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Rate of hair loss, lesions in Alaskan polar bears skyrocketed almost 1,000% after Fukushima


Alaskan polar bears

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(NaturalNews) Polar bears in the southern Beaufort Sea region of Alaska have suffered a surge in hair loss, according to a survey conducted by researchers from the U.S. Geological Survey (USGS) and the Alaska Department of Fish and Game, and an Alaskan veterinary pathologist, and published in the Journal of Wildlife Diseases.

While the scientists note that the cause of the hair loss remains unknown, circumstantial evidence suggests that radiation released by the 2011 Fukushima nuclear disaster might be at least partially to blame.

The hair loss is a serious problem, as it hampers the bears' ability to resist the cold.

"They might be more energetically stressed, and then they encounter some other stressors," USGS researcher Todd Atwood said.

Coincides with seal disease, radiation release

From 1998 to 2012, the researchers captured and examined live polar bears in the southern Beaufort Sea region of Alaska. Overall, the rate of alopecia syndrome -- characterized by patchy loss of hair around the head, neck and shoulders -- was 3.45 percent. When bears with the syndrome were captured again in later years, they had typically recovered fully.

In 2012, however, a shocking 28 percent of the bears examined were suffering from alopecia syndrome. This time period roughly corresponds a similar affliction -- patchy fur loss and skin lesions -- plaguing hundreds of Alaskan seals, causing many deaths, and also disease in a smaller number of walruses.

In their search for explanations for the alopecia, the scientists took skin biopsies from hairless areas on the polar bears, but they found no evidence of fungal or bacterial infections. Because the researchers did not test the bears for radiation exposure, there is no way to know if the uptick in alopecia syndrome was caused in any way by the March 2011 nuclear meltdowns at Japan's Fukushima Daiichi nuclear power plant. It is well established that a nuclear plume released from that disaster scattered radioactive fallout across the northern Bering and Chukchi seas within five days. In the following months, radiation could have continued to spread across the region by a variety of environmental vectors. It should also be noted that radioactive waste has been pouring into the Pacific Ocean ever since the Fukushima disaster five years ago.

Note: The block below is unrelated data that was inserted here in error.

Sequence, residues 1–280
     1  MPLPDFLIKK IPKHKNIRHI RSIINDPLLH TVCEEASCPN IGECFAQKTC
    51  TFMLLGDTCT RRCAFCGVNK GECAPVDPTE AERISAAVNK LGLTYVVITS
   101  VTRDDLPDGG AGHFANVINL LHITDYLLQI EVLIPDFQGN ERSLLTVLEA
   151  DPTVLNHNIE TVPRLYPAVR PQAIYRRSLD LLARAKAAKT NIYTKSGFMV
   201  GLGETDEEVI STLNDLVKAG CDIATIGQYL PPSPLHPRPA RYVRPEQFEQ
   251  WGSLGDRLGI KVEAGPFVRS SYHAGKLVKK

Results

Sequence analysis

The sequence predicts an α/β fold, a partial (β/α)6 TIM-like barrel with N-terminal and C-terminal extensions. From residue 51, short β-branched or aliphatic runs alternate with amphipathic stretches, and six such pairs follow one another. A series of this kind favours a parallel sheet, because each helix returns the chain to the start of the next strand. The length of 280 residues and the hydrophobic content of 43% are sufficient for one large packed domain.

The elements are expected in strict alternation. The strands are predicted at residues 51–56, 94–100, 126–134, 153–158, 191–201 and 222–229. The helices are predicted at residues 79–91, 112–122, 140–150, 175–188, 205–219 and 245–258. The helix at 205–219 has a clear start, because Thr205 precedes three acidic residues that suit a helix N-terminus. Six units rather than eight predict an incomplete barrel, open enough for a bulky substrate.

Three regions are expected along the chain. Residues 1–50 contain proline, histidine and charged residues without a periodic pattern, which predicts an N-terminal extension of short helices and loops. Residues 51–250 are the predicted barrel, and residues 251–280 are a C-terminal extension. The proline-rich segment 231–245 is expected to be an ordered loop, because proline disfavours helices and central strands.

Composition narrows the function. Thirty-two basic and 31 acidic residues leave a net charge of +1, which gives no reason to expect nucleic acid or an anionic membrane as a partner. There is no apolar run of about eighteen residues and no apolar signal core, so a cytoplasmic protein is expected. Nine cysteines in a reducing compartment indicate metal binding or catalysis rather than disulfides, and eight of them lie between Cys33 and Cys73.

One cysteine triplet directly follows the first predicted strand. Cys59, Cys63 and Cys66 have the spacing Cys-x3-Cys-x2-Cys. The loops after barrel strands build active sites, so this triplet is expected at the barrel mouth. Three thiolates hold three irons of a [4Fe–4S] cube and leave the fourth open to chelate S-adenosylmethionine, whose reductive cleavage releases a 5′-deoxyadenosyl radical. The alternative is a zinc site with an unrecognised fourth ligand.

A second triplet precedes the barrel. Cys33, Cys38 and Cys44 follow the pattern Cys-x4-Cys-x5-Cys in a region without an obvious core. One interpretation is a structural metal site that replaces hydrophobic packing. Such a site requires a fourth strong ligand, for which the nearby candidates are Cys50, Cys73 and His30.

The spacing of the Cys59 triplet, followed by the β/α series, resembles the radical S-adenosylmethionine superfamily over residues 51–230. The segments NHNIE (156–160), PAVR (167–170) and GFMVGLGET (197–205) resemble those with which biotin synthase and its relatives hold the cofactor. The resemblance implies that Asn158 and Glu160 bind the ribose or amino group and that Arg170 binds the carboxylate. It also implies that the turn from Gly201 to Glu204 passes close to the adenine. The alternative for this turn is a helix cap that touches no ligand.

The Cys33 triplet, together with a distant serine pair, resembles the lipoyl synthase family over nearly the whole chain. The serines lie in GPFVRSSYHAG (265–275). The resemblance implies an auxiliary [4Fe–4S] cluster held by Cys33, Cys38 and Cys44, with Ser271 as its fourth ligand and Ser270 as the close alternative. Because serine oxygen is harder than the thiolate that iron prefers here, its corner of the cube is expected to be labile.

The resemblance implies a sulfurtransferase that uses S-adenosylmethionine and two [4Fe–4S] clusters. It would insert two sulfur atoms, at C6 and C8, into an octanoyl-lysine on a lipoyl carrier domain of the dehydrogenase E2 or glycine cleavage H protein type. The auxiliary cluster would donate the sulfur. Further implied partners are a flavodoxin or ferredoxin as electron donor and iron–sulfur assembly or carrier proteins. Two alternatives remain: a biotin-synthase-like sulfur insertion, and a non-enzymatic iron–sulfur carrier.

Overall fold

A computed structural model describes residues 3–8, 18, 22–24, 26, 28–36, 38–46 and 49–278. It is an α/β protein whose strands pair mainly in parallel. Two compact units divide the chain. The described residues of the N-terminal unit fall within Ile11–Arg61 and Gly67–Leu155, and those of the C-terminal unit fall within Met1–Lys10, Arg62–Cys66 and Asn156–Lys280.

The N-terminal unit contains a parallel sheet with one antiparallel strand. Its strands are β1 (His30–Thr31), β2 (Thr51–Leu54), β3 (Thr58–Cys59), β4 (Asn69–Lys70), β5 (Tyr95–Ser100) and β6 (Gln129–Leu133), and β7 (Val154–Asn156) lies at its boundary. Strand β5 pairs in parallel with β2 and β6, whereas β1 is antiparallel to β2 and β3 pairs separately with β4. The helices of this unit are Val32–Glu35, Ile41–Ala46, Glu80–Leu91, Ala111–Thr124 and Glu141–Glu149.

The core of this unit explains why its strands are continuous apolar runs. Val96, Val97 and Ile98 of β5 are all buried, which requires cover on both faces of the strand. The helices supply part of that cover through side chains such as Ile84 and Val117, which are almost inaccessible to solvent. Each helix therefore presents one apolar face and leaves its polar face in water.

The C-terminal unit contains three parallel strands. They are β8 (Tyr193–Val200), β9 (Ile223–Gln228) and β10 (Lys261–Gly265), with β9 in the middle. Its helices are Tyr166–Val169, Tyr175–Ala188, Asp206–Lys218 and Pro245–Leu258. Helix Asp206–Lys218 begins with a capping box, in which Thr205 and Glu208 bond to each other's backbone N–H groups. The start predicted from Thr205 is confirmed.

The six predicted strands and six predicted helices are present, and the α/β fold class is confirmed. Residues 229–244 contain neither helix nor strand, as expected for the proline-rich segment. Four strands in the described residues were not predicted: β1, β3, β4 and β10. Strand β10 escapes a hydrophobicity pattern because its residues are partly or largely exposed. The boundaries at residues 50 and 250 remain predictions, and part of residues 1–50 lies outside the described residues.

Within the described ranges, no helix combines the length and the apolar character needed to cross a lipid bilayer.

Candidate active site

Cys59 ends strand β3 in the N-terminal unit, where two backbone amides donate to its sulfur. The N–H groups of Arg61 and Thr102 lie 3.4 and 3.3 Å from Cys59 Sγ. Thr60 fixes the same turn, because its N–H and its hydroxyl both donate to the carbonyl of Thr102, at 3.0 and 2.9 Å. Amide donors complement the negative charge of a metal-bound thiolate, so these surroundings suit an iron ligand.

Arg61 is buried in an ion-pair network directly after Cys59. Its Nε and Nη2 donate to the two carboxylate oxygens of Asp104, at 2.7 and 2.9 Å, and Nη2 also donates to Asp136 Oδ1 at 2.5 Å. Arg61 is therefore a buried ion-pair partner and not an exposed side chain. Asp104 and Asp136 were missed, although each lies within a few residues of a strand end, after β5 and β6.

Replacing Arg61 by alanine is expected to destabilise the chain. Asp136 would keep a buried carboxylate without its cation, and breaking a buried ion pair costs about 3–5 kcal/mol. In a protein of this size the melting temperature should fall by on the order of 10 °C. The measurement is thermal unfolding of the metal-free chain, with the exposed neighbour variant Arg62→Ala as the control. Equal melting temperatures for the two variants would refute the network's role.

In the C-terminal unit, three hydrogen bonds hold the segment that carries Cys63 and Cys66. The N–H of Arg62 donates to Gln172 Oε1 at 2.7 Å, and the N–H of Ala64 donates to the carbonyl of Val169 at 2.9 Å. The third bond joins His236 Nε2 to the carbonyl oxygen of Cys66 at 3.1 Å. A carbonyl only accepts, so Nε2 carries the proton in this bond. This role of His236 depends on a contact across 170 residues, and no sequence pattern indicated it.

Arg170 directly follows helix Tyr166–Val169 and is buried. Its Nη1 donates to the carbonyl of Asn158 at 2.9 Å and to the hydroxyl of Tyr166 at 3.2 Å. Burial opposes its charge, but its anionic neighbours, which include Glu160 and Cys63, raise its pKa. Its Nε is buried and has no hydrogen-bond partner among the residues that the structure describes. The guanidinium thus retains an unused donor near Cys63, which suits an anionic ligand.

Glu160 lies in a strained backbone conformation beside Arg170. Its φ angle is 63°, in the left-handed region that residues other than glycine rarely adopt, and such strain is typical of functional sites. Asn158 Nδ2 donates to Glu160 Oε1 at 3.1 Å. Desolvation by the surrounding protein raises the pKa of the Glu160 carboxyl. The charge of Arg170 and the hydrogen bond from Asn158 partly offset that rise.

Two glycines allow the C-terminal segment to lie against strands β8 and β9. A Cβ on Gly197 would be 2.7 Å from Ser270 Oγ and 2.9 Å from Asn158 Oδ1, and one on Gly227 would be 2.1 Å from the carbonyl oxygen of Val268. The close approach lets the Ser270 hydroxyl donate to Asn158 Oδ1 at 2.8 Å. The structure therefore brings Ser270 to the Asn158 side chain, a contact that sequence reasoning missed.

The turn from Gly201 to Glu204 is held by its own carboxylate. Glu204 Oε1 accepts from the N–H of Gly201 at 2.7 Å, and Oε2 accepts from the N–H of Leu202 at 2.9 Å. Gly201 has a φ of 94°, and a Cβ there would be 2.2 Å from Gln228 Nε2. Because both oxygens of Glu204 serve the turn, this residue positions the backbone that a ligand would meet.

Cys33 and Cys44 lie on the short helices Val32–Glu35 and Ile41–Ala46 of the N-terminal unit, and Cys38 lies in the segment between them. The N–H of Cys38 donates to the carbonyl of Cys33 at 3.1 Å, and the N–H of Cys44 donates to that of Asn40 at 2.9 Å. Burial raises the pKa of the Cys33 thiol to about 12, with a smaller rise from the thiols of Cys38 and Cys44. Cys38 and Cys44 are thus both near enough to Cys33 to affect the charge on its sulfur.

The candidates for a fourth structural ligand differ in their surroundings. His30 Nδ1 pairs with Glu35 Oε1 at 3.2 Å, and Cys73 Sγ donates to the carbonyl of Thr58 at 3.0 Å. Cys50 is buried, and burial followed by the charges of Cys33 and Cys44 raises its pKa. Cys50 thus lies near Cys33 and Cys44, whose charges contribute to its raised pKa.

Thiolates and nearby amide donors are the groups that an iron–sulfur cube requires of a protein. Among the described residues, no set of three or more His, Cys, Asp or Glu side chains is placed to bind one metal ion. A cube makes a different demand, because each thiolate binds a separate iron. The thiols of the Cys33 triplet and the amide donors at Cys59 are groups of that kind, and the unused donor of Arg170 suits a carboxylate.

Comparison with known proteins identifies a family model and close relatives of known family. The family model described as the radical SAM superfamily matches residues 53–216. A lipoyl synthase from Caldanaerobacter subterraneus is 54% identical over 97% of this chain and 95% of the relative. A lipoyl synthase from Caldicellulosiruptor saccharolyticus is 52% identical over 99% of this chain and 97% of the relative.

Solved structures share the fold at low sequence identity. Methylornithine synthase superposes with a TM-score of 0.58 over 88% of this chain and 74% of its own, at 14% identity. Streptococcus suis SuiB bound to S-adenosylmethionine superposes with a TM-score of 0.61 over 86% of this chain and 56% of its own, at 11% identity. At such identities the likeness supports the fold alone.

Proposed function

Indeed, a paper presented to the January 2014 Alaska Marine Science Symposium explored the possibility that Fukushima fallout could be behind another outbreak of seal disease -- also involving hair loss and skin lesions -- that hit various Arctic seal populations just months after Fukushima. The paper suggested that fallout had contaminated the sea ice and entered the food chain that summer once the ice began to melt.

Environmental factors also at play

The researchers found that subadult bears were the most affected and that males were more likely to be affected than females. Mother bears and cubs seemed immune to the condition, suggesting that the proximate cause of the alopecia could have been something that wa in the environment between November and March, when mother bears with cubs remain confined to their dens.

Nearly all reports of alopecia in polar bears have come from the Beaufort Sea population, further suggesting an environmental component. The researchers noted that, due to the shape of its continental shelf, the Beaufort Sea has limited hunting grounds for polar bears; the populations there have been harder hit by vanishing sea ice than bears in regions with more shallow waters for hunting. This could mean that the Beaufort Sea bears are in worse physical shape and more vulnerable to whatever causes alopecia. This hypothesis is supported by the observation that polar bears with alopecia were usually in worse physical shape than bears without it.

It could also be, however, that alopecia makes bears more sensitive to the cold and, therefore, they develop poor health.

"That's a question that we can't answer at this point because we don't know what's causing it," Atwood said.

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